In a book called Days of Our Years, Pierre Van Paassen tells the story of a hunchback named Ugolin who lived in the French village of Bourg in the years before World War II. Ugolin was a kind man and a devout Christian. He was also ugly. In fact, he was so ugly that he scared children and stopped traffic. So the villagers mocked him. They stared at his hunched little body and pointed out that Ugolin's hands twitched and hung to his knees. People followed Ugolin as he walked, and sometimes they jeered at him. "Whore's child!" they shouted. "Devil's spawn!"
Marx was wrong. Religion is not "withering away." In fact there are more religions and spiritualities now than a hundred years ago. Major traditions, such as Christianity, Islam, and Hinduism, continue to flourish. Cults like the Latter Day Saints (Mormons) have become mainstream. Novel spiritualities, such as Scientology and the New Age Movement, still proliferate. People have not stopped searching for something deeper than ordinary life.
During the Second World War, Simon Wiesenthal, a Polish Jew imprisoned in a Nazi concentration camp, was suddenly brought to the bedside of a dying SS soldier. A year earlier, the soldier had participated in a massacre in which perhaps 200 Jews were herded into a three-story building along with some gasoline cans; then grenades were thrown into the building. As people fled or jumped from the burning building, this soldier and his comrades shot them. But now the soldier's actions—in particular his role in killing a mother, father, and small child—tormented him.
Of the many rare Bibles owned by our library one of my favorites is a copy of the Geneva Bible, printed in London in 1609. This Bible version, originally published in 1560 by Reformed Christians living in Geneva, was the most popular English-language Bible for decades, even after the King James Version of 1611 was published. It was the Bible of William Shakespeare's day, and was also the favored version of the early Plymouth and Virginia settlers in the United States.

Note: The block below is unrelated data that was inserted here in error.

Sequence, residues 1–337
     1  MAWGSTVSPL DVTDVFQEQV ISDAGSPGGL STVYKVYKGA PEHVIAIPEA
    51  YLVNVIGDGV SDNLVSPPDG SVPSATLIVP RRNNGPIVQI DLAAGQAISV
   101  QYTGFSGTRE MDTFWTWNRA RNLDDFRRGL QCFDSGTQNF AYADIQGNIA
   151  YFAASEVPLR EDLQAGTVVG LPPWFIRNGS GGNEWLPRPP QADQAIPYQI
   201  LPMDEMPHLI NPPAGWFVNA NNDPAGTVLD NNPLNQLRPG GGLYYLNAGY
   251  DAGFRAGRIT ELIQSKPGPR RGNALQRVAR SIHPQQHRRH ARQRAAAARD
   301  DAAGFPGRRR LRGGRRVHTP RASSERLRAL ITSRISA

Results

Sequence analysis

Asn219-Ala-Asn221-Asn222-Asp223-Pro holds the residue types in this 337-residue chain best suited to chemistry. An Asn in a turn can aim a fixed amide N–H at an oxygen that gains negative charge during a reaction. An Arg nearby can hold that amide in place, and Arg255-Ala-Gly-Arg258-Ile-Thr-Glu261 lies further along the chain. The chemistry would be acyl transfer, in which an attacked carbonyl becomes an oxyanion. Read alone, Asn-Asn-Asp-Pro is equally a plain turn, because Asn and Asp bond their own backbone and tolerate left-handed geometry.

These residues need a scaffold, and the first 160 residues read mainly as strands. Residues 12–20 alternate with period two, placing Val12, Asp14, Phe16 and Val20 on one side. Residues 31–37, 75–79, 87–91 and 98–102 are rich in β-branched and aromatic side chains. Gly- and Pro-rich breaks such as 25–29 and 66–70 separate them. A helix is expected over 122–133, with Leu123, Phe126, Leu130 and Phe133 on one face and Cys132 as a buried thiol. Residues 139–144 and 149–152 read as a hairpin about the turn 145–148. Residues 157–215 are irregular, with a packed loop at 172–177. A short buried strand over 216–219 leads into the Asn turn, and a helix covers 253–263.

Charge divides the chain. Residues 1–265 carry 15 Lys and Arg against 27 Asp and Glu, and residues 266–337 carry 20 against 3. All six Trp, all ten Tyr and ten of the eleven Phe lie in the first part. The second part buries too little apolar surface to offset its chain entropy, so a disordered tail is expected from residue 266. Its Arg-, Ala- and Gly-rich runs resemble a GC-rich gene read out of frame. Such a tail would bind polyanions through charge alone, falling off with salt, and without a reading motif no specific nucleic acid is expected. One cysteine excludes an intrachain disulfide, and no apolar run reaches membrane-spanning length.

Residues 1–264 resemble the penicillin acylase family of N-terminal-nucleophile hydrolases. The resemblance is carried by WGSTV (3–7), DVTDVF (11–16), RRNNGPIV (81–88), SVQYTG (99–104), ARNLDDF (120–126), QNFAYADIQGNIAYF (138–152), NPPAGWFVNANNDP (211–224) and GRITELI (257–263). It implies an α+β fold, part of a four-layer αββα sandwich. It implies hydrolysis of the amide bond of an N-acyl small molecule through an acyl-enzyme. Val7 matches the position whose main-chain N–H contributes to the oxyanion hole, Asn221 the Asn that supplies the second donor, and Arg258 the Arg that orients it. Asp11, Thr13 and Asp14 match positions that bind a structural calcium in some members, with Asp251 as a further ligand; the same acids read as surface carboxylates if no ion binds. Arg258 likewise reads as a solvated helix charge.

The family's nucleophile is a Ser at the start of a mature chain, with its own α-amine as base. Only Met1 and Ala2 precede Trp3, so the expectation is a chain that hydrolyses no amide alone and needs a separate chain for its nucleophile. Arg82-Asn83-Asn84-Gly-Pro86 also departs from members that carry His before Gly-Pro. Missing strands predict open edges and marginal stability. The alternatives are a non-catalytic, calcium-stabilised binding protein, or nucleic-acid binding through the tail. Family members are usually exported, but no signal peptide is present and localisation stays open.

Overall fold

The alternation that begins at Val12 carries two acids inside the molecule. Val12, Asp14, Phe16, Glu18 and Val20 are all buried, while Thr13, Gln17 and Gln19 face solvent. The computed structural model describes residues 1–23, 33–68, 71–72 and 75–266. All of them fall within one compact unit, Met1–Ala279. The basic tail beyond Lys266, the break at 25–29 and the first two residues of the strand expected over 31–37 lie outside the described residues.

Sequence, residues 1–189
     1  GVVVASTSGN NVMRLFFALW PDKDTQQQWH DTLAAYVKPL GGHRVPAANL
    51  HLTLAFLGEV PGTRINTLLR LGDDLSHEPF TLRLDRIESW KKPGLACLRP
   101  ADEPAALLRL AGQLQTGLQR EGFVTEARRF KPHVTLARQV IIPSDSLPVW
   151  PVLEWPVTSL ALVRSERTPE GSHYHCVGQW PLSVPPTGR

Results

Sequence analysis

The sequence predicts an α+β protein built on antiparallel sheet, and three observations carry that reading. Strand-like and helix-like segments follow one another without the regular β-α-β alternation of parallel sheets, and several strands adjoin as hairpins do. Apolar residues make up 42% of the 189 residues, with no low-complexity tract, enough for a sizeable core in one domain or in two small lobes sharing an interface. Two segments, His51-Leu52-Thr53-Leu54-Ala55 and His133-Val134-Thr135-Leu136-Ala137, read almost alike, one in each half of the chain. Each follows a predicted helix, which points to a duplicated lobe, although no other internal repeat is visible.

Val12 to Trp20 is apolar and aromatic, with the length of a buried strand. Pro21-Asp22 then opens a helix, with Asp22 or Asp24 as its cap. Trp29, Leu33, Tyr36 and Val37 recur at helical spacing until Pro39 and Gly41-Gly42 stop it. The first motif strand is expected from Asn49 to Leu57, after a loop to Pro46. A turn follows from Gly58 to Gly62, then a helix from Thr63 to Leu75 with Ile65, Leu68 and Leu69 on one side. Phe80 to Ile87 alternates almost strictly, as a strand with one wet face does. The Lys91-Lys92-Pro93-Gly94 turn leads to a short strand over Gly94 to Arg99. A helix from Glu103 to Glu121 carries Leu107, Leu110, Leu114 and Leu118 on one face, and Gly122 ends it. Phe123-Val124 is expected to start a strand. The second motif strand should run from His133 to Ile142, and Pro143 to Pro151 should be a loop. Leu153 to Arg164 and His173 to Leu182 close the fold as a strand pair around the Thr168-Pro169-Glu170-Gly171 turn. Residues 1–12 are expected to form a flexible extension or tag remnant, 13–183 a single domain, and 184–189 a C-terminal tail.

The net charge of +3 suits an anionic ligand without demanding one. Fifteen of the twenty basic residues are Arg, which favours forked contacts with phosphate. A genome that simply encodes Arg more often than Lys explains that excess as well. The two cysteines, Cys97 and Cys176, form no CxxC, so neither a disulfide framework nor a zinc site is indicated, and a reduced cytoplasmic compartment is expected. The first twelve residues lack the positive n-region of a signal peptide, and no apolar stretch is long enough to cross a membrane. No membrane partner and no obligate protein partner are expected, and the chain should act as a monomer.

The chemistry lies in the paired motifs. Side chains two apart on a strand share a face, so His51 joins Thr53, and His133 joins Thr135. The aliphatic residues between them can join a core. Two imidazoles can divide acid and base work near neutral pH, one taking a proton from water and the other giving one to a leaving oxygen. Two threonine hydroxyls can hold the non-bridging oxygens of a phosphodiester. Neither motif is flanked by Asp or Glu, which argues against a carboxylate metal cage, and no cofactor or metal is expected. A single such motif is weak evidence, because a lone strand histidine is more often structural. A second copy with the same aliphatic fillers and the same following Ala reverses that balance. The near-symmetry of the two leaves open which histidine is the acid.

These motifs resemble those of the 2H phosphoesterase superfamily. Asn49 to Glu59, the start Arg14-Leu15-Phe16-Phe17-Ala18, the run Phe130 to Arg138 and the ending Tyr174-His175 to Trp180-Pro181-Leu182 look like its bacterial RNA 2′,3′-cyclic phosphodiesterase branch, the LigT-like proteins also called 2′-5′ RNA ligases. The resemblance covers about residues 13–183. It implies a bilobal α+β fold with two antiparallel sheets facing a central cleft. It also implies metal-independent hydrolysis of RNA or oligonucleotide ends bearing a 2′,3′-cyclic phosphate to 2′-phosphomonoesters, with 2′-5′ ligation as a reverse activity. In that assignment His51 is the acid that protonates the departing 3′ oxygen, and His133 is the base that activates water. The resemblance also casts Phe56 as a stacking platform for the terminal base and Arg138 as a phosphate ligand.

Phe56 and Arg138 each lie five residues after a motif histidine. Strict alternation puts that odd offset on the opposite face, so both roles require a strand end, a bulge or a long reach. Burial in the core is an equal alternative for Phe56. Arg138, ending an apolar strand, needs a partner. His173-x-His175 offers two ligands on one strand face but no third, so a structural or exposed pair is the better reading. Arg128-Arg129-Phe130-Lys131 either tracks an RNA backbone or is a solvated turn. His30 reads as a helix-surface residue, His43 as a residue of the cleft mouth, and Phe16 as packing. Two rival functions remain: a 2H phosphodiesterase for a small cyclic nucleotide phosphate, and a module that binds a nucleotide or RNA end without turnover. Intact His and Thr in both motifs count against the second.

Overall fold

Can you imagine what would happen today if one of the Old Testament prophets came to one of our churches as the preacher, or even as a visitor? They seem to have a tendency to do things that make people more than a little uncomfortable. How would we react, for example, if Jeremiah showed up for morning worship wearing an ox yoke on his neck (Jer. 27:2)? Or if we found Ezekiel in the parking lot doing strange things with the hair he had just shaved off of his head (Ezek.l 5:1-4)? And it's not only their behavior that is odd.
Consider the walls of your church's worship space. Are they solid, or do they have windows? If they do, are the windows clear and simple, or do they depict biblical scenes in stained glass? Perhaps banners brighten up the vast stretches of stone. Few consider the role of the walls themselves in worship. After all, the seating arrangement often encourages your eyes to focus on the pulpit and the sacramental furniture, or perhaps an enormous pipe organ. Walls, it seems, have little, if any, impact on our worship experience.
The Geography of Worship in Christ
Praise God that Christian worship doesn't have to happen in a certain type of space.
Leadership in church plant settings requires deep conviction, passion, and vision. But church-planting leaders today point out that articulating the vision is usually not as challenging as finding the convergence of that vision, with this pastor, with this group and its particular gifts, in this community, at this time.